It is becoming harder to argue that neoliberal market solutions, from tax cuts to deregulation, will necessarily benefit and protect ordinary voters. AAP/Mick Tsikas

Win or lose the next election, it may be time for the Liberals to rethink their economic narrative

This is part of a major series called Advancing Australia, in which leading academics examine the key issues facing Australia in the lead-up to the 2019 federal election and beyond. Read the other pieces in the series here.


In the heady political days of late 2018, former treasurer Peter Costello argued that the Liberals need to unite behind a clear economic narrative. He claimed that this would avoid Liberal politicians defining themselves on the “social issues” that have divided the government.

However, the ideological problems in the Liberal government go beyond the evident, and electorally damaging, differences over social issues. The Liberals’ economic ideology, which often cuts across their internal division between conservatives and moderates, may also be contributing to their electoral and policy difficulties.

Is it now time for the Liberals to reconsider their free market, neoliberal economic policy narrative? It emphasises lower taxes combined with radical deregulation, privatisation, corporatisation, major cuts to government spending on services and the dismantling of Australia’s century-old industrial arbitration system.

But it is a narrative that contributed to the 2014 budget cuts that helped undermine the Abbott government. It gave rise to the proposed tax cuts for big business that contributed to the poor 2016 election and 2018 byelection results. It also made it harder for the Liberals to accept a range of regulatory policy issues, including the need for a banking royal commission.


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Costello’s critics claim that his own tax cuts significantly reduced government revenue. This made it much more difficult for future governments to return the budget to surplus.

Has neoliberalism’s time passed?

The Liberals have always argued that they would be better economic managers than Labor; that they supported individual rights and free enterprise and opposed Labor’s so-called “socialism”. Nonetheless, their economic narrative has not always been the neoliberal, free market one that Costello and others have espoused from the Howard government on. As we shall see below, the Liberals originally believed in a more substantial role for government.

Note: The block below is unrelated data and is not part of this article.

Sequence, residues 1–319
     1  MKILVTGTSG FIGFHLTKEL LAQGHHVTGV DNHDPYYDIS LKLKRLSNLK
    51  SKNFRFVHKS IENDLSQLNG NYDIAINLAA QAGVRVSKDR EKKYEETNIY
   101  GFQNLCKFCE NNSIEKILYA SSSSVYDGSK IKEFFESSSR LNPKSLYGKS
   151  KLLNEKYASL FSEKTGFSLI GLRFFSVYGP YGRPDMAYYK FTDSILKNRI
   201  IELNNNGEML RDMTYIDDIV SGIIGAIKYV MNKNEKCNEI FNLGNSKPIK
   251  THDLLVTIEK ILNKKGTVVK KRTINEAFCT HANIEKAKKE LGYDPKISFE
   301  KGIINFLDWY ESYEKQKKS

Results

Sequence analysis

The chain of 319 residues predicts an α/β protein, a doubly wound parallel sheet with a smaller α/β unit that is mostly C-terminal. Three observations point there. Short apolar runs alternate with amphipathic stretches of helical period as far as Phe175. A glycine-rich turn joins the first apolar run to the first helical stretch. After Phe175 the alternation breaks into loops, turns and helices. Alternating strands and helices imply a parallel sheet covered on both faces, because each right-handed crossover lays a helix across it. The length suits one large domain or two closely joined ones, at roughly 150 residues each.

Labor has been quietly moving away from some neoliberal positions that it embraced during the Hawke and Keating years. For example, it is now more supportive of government regulation and has re-embraced Keynesian perspectives that see a major role for the state in managing capitalist economic cycles.

It has also questioned some neoliberal aspects of past Labor government industrial relations policy, such as an over-reliance on enterprise bargaining, acknowledging that this has contributed to reduced wages and conditions.


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The Liberals have introduced some electorally opportunistic economic measures. These include funding for industries in sensitive electorates, energy price measures and backing down on tax cuts to big business that they couldn’t get through the Senate. But they have not undertaken a major reconsideration of their economic ideology despite the related policy problems, from unpopular budget and tax cuts to originally opposing a banking royal commission.

Robert Menzies believed governments should implement more economic controls, not fewer. AAP/AUSPICS

Yet Robert Menzies, the founder of the party, decried laissez-faire economics and argued for more controls, not fewer. He boasted of reading Keynes, given that politicians need to know “a great deal about applied economics”.

Menzies also championed the role of Liberal administrations in establishing an industrial relations arbitration and conciliation system that gave “to organised labour the basic wage, the standard working week, the protection of employees and the enforcement of their legally established rights”.

Nonetheless, the Howard government largely abolished such a system in its neoliberal-influenced (and electorally unpopular) WorkChoices legislation.

In short, the Liberals were originally more influenced by social liberalism, rather than neoliberalism, in that they were more willing to endorse state intervention to protect the welfare of citizens and the smooth functioning of markets.